121 – UbD with Jay McTighe

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Professional Development – I was fortunate to be able to attend a two-day workshop with Jay McTighe, via the Coast Metro Consortium.  Jay’s working partner for many years was Grant Wiggins, who unexpectedly passed away in 2015.  McTighe and Wiggins’ books have been very formative for me, particularly Wiggins because of his blog.

I have a couple of McTighe and Wiggins’ books, Understanding by Design and Essential Questions: Opening doors to student understanding, so the content of the workshop wasn’t all that new to me.  However, it was a fantastic opportunity to hear about the more subtle aspects of UbD, the kind of thing you can only learn in person.  It was also a great chance to collaborate with like-minded people, I feel lucky to have attended.  Thanks go out to my Principal, Ranjit Bains, for getting me into the workshop!  With respect to my previous post on this blog, Jay really emphasized that “covering content” is not in the best interest of students and that he and Grant explicitly decided to focus on quality rather than quantity.  Sacrifices may need to be made in order to achieve the most important things in education.  I think that in terms of UbD this means that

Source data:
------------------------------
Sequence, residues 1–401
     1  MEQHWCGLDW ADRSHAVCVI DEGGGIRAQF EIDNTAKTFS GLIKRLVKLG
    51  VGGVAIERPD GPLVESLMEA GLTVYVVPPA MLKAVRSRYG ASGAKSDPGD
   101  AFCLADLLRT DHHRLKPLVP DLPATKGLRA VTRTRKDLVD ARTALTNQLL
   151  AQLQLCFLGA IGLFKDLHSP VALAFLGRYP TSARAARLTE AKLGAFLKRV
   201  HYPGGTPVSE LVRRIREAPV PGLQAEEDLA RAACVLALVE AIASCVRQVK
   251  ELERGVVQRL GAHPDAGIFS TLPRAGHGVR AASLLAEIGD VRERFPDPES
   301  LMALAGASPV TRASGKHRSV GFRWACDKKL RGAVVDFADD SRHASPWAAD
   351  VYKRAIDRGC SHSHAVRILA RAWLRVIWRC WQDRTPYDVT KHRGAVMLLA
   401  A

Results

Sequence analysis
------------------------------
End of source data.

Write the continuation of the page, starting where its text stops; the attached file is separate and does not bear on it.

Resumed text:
To top things off, I was lucky enough to have Jay sit at our table for lunch the second day!  Four of us got the chance just to chat about education and share our interesting experiences.

The pictures above come from some collaborative work we did at our table, working on a financial literacy unit for Math 9.

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Day 49: Body Systems and Key Questions

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Science 8 – We are doing a short unit on Body Systems.  For this unit I have come up with 3 Essential Questions (called “Key Questions” for the students).  The key questions are:

  • Why does an apple look different when it goes in your body than when it comes out?
  • How are our body systems organized to ensure good health?
  • How do the circulatory and respiratory systems work together?

The unit plan (student version) can be downloaded from here: Body Systems Unit Plan

Students are showing good progress in creating answers to the first question.  However, when I ask the students to reflect on what they’ve learned and how it pertains to question 2, they get stumped.  Like, really stumped.  With a lot of prompting I started to coax answers from the students.  “Well, what happens if your small intestine is shortened?”  They finally decided that this would decrease the amount of nutrients that are absorbed.

While working through some new material on the circulatory system, I asked the students to come up to the side wall and add a sticky note to the key questions whenever they discovered a new idea that seemed to fit.  I think this activity is worthwhile, but we didn’t get very far before it was the end of the class.